New Jersey’s PSEG ‘Excited To Get Started’ Running Long Island Power
NEWARK, N.J. (CBSNewYork) — The Public Service Enterprise Group, operator of New Jersey’s largest utility in the Public Service Electric and Gas Company, said it wants to hit the ground running when it takes over for the troubled Long Island Power Authority on Jan. 1.
New PSEG Long Island President David Daly sat down exclusively Tuesday with CBS 2’s Jennifer McLogan, pledging he will handle storms better and be accountable to taxpayers.
First with the Long Island Power Company, then LIPA, frustrated and angry Long Islanders have short memories. The final straw was the response by LIPA to Superstorm Sandy.
Amid furious remarks by Long Island residents even Gov. Andrew Cuomo did not mince words about the Long Island Power Authority’s handling of Sandy and the snowstorm that followed. Some customers were left in the dark for weeks after Sandy.
“I believe the system is archaic and is obsolete,” the governor said about LIPA last year. “The management has failed the consumers.”
The Newark-based PSEG won a 12-year, $5 billion contract to take over LIPA, and Daly said the utility has learned from LIPA’s mistakes.
“We’re checking every area to make sure the punch list is ready to go, and that we are hitting the ground running on day one,” Daly said.
With only about two weeks left until the takeover, Daly is on the hot seat. But he said he has solutions.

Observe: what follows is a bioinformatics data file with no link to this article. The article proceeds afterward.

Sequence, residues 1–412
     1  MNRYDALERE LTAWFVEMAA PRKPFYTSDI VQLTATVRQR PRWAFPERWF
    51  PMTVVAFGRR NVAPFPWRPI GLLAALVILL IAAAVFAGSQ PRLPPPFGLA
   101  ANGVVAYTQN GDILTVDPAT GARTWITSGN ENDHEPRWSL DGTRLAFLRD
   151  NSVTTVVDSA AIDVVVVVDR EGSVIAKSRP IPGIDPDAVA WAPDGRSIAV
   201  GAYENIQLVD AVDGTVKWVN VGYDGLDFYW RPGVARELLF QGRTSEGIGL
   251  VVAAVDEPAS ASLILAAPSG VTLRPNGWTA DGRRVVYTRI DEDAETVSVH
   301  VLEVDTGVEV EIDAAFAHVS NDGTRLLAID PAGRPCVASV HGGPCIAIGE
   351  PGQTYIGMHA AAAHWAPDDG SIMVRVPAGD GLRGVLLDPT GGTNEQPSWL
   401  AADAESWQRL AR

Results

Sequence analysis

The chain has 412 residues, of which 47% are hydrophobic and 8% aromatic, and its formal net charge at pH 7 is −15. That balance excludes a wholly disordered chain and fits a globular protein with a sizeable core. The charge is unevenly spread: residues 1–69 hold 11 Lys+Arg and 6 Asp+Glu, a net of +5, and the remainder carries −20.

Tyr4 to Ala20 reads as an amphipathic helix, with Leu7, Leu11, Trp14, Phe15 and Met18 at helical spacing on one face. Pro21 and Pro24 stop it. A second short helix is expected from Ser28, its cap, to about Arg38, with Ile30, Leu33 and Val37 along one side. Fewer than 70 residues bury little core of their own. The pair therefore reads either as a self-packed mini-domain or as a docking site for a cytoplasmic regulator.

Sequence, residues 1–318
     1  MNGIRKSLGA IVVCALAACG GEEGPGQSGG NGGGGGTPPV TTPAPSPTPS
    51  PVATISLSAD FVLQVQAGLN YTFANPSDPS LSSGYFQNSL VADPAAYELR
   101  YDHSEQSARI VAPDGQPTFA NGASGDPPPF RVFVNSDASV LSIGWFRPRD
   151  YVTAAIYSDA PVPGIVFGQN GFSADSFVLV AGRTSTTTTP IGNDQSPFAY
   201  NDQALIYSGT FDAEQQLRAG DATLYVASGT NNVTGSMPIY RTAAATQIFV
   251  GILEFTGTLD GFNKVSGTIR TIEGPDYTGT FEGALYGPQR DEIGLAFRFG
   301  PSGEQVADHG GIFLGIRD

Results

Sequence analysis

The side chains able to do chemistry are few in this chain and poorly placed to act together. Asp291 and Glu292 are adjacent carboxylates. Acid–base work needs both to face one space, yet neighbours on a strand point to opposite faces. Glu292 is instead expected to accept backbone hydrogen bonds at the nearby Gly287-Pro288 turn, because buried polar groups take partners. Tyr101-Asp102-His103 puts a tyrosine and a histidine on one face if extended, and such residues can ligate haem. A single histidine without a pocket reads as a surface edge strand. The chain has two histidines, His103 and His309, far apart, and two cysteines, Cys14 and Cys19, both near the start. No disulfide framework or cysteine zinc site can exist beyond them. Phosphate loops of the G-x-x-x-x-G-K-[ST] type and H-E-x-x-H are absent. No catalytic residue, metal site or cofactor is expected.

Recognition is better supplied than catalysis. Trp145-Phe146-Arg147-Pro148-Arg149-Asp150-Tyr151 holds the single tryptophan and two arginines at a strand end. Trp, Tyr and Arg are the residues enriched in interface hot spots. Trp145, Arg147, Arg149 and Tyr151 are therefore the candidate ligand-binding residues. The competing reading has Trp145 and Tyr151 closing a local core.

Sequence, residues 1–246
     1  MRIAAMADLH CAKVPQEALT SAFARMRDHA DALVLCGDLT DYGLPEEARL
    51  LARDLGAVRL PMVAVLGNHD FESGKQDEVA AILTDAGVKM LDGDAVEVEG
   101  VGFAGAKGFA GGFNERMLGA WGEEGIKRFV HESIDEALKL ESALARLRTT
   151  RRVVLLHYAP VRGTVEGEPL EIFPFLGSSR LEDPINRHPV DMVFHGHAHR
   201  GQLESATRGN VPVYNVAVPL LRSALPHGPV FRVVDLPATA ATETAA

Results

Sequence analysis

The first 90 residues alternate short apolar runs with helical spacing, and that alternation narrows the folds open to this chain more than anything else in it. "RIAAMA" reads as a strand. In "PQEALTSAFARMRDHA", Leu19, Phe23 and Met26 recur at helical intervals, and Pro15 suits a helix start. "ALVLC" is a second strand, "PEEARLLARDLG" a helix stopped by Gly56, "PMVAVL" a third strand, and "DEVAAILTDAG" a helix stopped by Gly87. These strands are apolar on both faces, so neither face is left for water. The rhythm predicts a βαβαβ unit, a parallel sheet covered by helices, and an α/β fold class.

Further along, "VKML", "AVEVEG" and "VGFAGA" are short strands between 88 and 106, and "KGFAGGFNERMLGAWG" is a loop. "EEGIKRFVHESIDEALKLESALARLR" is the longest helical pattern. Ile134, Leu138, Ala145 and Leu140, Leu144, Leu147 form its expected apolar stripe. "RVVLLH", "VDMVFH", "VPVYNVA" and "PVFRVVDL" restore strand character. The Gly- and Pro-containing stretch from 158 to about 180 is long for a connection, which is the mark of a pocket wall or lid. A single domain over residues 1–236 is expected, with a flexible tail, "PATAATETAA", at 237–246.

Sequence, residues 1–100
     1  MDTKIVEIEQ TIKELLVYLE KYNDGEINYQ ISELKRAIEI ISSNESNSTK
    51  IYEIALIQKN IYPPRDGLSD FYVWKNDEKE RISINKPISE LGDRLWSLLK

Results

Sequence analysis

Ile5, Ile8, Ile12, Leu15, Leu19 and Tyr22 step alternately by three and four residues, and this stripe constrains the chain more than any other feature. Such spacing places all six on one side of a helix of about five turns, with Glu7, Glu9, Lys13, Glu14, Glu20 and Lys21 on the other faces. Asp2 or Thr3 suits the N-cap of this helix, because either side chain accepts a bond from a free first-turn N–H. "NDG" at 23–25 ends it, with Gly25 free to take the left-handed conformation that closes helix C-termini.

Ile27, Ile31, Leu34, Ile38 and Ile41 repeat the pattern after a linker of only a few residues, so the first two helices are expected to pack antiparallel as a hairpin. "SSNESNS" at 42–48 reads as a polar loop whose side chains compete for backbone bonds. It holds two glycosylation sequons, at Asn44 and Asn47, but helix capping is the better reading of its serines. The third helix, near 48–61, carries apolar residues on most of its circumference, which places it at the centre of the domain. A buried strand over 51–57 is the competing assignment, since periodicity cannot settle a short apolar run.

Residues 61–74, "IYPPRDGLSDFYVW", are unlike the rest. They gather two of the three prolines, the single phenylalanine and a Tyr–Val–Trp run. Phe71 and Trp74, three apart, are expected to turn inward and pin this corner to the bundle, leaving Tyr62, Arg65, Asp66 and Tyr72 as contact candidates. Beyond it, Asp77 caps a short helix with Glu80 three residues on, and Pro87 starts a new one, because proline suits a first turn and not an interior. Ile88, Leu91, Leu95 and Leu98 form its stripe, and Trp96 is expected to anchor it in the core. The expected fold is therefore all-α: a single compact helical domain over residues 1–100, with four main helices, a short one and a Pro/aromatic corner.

“We are going to freeze rates here for 3 years; continue to maintain outstanding levels of electrical reliability,” Daly said. “Keeping the lights on is very, very important to us, as is to improve the storm restoration process.”
But residents do not only want their lights on. They have also demanded billing transparency and good customer service and a modern grid. During Sandy, restoration was stalled, as LIPA was awash in antique paper maps.
“We are bringing in a very experienced team — battle tested during Sandy and Irene,” Daly said.
But in the past few weeks, PSE&G has had its own problems in New Jersey. It has suffered three major blackouts – the most recent one on Monday afternoon.
But when asked about any doubts that LIPA-weary Long Island customers may have as a result, Daly said, “We are very proud of our record of reliability.”
Daly added that there are several specific improvements to Long Island service that PSEG has planned.
He said they will start with accelerated tree-trimming to clear distribution lines, improved communication, new automated phones, and modern technologies to dispatch and track crews.
“We are very, very happy and excited to get started,” Daly said. “We are asking for a chance.”
When PSEG takes over, skeptics said the longer-term problem will be the politics and burden of $1 billion LIPA contracts, that PSEG must assume for decades.
Statistics showed during Sandy, PSEG restored twice the number of outages as LIPA did, and four days faster. PSEG had about half the workforce, and fixed the outages at a third of the price.
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